Answer:

Do I agree that if we don’t learn from our mistakes we will repeat them? Let me give this some serious thought here.

No, let me skip that because what a stupid question. This is a stupid prompt. It’s like asking, “If you stand at the top of a staircase and someone comes up behind you and gives you a hard shove and you tumble down the stairs and break many bones as a result, will you learn that tumbling down a flight of stairs kind of sucks?” Hmm. Maybe!

How might this statement apply to my life? I learned that eating barbecue-flavored sunflower seeds when you secretly have the stomach flu isn’t a good idea because you will barf those barbecue-flavored sunflower seeds all over the dining room floor, which, by some miracle, is the only room in the house that isn’t carpeted. By incorporating this lesson into my life I have never repeated the mistake of eating barbecue-flavored sunflower seeds when I secretly have the stomach flu.

Seriously, though, it did suck, though not as much as being pushed down a flight of stairs (the stairs were carpeted, too). I was ten years old, didn’t feel at all unwell, was happily noshing away on the sunflower seeds, and then suddenly the flu switch flipped to ON and everything in my stomach had to leave RIGHT NOW. And did. I went from no flu to very flu in a second.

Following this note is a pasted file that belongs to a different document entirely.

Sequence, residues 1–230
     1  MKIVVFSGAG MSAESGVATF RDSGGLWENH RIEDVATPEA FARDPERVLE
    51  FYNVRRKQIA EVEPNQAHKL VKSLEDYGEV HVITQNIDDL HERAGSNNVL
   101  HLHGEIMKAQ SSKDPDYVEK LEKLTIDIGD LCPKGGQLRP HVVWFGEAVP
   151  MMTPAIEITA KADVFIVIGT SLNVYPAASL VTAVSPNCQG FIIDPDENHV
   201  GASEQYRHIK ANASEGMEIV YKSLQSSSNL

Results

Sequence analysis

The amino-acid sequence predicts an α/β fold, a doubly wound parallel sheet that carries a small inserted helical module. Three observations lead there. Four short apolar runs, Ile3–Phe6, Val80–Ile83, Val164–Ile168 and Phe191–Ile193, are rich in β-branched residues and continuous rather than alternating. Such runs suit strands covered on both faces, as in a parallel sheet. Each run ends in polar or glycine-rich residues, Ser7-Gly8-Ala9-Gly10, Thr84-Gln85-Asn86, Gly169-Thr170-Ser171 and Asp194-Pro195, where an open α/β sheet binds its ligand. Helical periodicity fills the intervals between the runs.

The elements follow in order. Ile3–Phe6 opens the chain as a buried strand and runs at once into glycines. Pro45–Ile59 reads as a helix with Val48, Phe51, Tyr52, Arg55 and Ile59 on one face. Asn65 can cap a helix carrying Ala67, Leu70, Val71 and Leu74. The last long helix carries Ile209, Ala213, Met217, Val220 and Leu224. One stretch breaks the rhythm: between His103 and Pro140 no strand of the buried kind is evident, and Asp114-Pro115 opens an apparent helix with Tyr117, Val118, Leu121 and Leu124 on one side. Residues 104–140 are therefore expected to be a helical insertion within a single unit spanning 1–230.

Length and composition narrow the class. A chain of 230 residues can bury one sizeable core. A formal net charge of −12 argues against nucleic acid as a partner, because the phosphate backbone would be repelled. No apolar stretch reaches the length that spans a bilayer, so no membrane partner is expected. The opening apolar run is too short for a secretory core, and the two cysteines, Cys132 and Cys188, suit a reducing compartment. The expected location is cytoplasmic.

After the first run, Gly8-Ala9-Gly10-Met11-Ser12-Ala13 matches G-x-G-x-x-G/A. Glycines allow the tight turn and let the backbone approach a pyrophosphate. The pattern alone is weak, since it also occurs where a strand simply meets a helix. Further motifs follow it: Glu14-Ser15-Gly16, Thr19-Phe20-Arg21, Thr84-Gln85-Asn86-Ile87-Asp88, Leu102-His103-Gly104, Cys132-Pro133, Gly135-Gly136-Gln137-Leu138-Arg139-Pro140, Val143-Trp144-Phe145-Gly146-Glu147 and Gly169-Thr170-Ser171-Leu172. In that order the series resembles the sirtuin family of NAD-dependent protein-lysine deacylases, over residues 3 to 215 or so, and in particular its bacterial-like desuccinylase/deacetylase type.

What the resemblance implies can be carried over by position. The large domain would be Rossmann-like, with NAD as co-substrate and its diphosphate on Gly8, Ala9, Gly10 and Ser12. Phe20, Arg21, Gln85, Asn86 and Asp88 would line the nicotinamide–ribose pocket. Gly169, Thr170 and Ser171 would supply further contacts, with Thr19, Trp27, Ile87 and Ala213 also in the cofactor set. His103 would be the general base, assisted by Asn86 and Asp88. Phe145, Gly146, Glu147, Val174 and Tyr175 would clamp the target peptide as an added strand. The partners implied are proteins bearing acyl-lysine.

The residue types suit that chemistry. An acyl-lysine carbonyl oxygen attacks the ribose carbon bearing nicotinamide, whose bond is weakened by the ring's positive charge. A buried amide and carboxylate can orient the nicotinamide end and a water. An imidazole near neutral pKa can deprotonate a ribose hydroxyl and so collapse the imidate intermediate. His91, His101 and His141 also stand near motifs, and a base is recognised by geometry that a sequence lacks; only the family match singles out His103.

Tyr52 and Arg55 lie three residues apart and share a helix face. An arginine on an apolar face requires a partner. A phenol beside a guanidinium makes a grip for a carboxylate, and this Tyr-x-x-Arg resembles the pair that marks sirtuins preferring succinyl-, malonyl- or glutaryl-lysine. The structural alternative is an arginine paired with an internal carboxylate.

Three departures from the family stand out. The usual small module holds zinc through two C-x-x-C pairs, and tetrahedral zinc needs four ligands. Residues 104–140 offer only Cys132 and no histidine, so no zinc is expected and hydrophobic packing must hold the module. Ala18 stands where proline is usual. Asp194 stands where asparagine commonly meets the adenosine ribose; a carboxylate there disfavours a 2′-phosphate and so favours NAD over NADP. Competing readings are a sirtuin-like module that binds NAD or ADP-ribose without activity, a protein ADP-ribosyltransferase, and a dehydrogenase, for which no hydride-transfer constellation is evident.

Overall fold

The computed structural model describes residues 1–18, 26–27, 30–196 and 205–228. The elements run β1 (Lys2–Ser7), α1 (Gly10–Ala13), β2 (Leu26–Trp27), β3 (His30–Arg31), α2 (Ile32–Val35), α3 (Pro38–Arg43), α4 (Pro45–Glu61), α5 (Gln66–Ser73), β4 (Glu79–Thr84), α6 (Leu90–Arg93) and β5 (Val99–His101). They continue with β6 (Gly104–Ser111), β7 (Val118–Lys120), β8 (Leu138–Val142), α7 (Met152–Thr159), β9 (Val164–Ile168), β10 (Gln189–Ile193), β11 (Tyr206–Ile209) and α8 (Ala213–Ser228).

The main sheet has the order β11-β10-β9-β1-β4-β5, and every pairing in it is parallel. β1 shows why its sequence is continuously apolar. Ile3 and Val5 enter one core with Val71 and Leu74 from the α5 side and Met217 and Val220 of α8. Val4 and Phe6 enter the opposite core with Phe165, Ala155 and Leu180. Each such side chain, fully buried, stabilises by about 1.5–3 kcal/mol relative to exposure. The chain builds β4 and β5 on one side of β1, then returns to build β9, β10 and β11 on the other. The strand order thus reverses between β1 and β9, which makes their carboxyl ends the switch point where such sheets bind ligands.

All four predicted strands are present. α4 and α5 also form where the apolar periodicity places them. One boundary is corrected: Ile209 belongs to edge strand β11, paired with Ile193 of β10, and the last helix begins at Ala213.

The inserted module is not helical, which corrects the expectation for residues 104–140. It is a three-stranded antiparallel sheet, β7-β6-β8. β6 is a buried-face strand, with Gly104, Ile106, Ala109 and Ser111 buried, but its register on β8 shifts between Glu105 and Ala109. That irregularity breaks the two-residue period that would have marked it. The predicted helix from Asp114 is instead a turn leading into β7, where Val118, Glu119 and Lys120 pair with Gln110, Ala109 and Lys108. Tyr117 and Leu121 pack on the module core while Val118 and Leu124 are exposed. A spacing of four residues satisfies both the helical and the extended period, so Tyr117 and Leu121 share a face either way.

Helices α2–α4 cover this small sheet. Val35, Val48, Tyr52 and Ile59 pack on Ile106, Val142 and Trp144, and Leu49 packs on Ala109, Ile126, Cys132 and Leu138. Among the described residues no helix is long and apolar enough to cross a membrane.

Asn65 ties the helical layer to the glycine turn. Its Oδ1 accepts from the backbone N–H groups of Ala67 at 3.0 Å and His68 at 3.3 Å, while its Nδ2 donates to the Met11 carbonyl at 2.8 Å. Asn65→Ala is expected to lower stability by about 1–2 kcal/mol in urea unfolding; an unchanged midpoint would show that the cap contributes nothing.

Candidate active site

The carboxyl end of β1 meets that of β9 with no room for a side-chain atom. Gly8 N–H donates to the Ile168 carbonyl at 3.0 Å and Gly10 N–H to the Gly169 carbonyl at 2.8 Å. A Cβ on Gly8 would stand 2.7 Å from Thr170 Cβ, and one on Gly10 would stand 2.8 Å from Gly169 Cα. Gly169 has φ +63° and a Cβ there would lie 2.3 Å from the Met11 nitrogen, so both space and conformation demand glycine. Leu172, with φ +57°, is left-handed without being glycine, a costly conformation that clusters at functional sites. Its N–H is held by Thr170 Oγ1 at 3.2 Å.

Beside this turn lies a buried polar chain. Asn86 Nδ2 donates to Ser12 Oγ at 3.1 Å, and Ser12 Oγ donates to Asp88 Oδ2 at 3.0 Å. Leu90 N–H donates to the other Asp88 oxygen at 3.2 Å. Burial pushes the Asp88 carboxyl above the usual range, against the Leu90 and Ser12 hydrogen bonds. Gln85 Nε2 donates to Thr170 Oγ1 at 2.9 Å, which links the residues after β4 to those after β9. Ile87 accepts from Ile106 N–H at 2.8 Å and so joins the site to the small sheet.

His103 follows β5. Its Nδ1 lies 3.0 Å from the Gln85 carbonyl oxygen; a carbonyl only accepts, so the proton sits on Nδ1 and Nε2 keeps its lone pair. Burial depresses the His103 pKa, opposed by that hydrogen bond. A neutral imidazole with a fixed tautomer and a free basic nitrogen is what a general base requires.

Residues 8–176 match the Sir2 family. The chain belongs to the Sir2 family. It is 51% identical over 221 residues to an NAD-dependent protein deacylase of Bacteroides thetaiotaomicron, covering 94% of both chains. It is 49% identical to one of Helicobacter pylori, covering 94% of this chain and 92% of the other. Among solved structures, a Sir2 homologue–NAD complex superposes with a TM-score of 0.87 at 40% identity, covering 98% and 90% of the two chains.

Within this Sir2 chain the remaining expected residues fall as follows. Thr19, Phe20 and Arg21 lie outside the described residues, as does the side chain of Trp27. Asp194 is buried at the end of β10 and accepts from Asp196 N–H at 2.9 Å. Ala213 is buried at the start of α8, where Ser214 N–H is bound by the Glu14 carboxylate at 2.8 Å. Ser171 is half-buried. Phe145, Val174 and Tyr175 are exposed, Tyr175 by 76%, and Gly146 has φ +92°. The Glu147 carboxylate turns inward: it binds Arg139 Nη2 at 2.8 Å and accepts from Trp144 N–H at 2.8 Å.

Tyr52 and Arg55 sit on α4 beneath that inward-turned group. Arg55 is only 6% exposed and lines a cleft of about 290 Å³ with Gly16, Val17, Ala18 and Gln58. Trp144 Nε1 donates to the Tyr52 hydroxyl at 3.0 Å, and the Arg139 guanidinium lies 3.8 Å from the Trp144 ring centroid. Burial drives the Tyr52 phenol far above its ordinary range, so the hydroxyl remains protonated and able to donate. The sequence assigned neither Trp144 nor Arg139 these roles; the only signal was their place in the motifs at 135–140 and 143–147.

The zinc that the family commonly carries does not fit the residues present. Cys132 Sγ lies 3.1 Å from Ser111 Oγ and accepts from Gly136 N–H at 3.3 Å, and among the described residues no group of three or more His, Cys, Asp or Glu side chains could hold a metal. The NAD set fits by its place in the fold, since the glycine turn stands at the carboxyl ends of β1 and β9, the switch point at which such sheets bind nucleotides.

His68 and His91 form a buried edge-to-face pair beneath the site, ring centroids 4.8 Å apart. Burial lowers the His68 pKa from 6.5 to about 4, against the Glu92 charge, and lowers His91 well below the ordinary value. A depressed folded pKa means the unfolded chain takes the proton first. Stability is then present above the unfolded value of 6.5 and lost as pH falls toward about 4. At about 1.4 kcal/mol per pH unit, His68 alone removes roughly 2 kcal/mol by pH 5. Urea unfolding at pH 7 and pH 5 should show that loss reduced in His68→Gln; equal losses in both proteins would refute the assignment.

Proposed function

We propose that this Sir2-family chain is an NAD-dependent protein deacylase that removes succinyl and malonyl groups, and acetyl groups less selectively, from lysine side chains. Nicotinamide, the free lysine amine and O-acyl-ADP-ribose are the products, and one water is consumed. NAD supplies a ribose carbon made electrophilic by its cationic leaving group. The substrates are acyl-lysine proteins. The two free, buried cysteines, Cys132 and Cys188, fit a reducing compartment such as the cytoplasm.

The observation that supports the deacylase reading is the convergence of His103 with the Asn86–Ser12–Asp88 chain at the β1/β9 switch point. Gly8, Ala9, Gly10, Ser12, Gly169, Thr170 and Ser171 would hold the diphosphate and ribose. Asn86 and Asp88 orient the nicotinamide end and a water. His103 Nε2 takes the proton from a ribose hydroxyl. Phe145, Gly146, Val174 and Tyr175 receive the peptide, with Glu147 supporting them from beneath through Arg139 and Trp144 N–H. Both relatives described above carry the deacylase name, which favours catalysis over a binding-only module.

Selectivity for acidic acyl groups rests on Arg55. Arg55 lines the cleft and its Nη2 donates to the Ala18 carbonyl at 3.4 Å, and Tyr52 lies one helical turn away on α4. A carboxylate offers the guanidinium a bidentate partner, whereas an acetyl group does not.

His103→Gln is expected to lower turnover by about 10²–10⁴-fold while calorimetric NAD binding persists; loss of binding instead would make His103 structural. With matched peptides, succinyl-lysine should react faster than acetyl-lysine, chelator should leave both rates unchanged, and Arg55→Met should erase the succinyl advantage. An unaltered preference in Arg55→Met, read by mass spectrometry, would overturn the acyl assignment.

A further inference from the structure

It also left me sufficiently traumatized that I didn’t even touch barbecue-flavored sunflower seeds for twenty years. And then only once. (I didn’t throw up the second time.)

[spoiler title=”Explanation of this exercise” icon=”plus-circle”]These are prompts featured in 1,000 Creative Writing Prompts, Volume 2 (Goodreads link). My intent is to write ultra-short stories that are no more than a few paragraphs long, working through the prompts in order. When I am done I will perhaps have a party of some sort.

Sometimes the short stories will be longer and sometimes instead of a story I will answer the questions (most of the prompts are in the form of questions).[/spoiler]